Super Mario Bros. X is a downloadable PC Mario fangame that borrows elements from Super Mario Bros., Super Mario Bros. 2, Super Mario Bros. 3, Super Mario World, and New Super Mario Bros. Wii among numerous other games. The game was created by Andrew "Redigit" Spinks of Terraria fame, before he got a purported cease-and-desist letter from Nintendo and left the engine in the hands of the community. The game is most notable for its huge Level Editor, which allows the player to make their own levels using the numerous blocks, items, and NPCs available from the aforementioned games.
The game was first released in 2009 with the Editor and default episode The Invasion, which served as a showcase of the editors capabilities and a fully-fleshed out Mario adventure in its own right. It would continue to receive official updates from Redigit up until 1.3.0 towards the very end of 2010. At one point in 2010 The Invasion was replaced with three new default episodes: The Invasion 2.0, an updated version of The Invasion that showcased the vastly ramped up new features of the Editor, The Princess Cliche, and The Great Empire. Development officially ceased in 2011, though the community around the game remained active.
Due to the legal circumstances explained above, we can't really provide a link to the download, but a quick Google search should do the trick.
Note: please only include tropes related to the engine itself, and the official episodes released from the old SMBX site. Games made in this engine, should they have enough unique tropes of their own, should get their own page.
Make a Good Level X has its tropes on its page.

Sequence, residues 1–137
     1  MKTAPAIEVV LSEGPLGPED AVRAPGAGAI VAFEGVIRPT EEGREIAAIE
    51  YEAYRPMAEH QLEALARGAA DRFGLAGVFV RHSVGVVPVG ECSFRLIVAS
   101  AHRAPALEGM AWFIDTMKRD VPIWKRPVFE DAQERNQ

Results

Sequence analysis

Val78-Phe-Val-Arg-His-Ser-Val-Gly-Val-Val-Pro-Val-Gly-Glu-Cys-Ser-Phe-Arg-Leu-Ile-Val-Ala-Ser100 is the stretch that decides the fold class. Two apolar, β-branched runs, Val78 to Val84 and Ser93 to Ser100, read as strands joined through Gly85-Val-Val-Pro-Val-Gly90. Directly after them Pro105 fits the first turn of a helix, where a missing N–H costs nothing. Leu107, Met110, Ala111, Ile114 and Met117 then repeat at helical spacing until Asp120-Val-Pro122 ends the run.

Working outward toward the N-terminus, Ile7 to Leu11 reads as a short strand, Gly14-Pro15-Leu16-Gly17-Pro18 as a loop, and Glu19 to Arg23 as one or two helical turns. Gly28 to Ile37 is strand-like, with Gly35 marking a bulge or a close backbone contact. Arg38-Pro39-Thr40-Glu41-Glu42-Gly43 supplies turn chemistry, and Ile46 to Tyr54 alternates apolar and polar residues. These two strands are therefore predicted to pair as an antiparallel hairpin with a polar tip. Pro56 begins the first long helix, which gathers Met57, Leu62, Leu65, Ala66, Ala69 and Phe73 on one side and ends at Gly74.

"The Invasion 2" contains examples of:
- Action Girl: Princess Peach is playable here, and can use all the same power-ups that Mario can.
- Art Shift: The stage Retroville has entirely 8-bit styled graphics. This stays true even if you bring in a power-up that isn't otherwise available in the level.
- Ascended Extra: Three rare, yet popular Power Ups from Super Mario Bros. 3—Tanooki Suit, Hammer Suit and Kuribo's Shoe—get a lot more screen time in this fangame.
- As the Good Book Says...: Surprisingly, the default end credits sequence present in the engine contain a passage from Colossians.
- Bonus Boss: Mother Brain exists in one of the Metroid-styled "Pwnhammer" levels.
- Color-Coded for Your Convenience: The Yoshis and shoes.
- Difficulty Spike: The dungeons are much harder and longer than the levels.
- Disc-One Final Boss: Bowser is merely the boss of World 4, and is fought as in Super Mario Bros. However, he appears again as the Final Boss, and this time you fight him like you did in Super Mario Bros. 3.
- Distressed Damsel: Peach is playable, so Daisy takes this role. You rescue her in World 4, about halfway through the game.
- Dummied Out:
- There are a few NPCs that aren't used in the episode at all, but are still in the editor, such as the regular Propeller Block.
- There are two NPCs in the "Lakitus are throwing Lakitus" menu that aren't available elsewhere: a blue shell-less Koopa that doesn't work with throw blocks and doesn't have an animation for emerging from a shell (the shell-kicking Koopa was added before regular SMW Koopas) and a ridable airship piece that works like a slower and less useful Clown Car.
- Checking the sprite sheet will reveal Peach and Toad had some extra animations, like the former having a unique full-speed running animation and the latter being able to slide down slopes and ride Yoshi. They cannot do either in the final game.
- Excuse Plot: Daisy explains that Bowser is recruiting other villains. Said other villains appear very sporadically, and not always on the main path.
- The Goomba: From four games!
- Guest Fighter: Guest Player: Link from The Legend of Zelda series. His sprites and moveset are cribbed from Zelda II: The Adventure of Link.
- Guide Dang It!: Many of the secret exits. A lot of them require you to have a specific powerup and keep it for the whole level so you can reach the exit with it.